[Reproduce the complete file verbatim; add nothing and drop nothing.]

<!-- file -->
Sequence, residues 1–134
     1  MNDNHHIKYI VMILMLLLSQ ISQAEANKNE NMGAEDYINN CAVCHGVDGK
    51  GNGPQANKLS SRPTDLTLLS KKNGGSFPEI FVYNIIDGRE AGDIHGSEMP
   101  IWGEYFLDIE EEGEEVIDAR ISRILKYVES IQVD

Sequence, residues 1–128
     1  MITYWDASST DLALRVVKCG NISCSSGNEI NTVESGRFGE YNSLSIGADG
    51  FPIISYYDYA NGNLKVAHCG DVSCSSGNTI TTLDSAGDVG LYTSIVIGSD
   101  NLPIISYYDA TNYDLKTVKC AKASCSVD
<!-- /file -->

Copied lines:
Sequence, residues 1–134
     1  MNDNHHIKYI VMILMLLLSQ ISQAEANKNE NMGAEDYINN CAVCHGVDGK
    51  GNGPQANKLS SRPTDLTLLS KKNGGSFPEI FVYNIIDGRE AGDIHGSEMP
   101  IWGEYFLDIE EEGEEVIDAR ISRILKYVES IQVD

Sequence, residues 1–128
     1  MITYWDASST DLALRVVKCG NISCSSGNEI NTVESGRFGE YNSLSIGADG
    51  FPIISYYDYA NGNLKVAHCG DVSCSSGNTI TTLDSAGDVG LYTSIVIGSD
   101  NLPIISYYDA TNYDLKTVKC AKASCSVD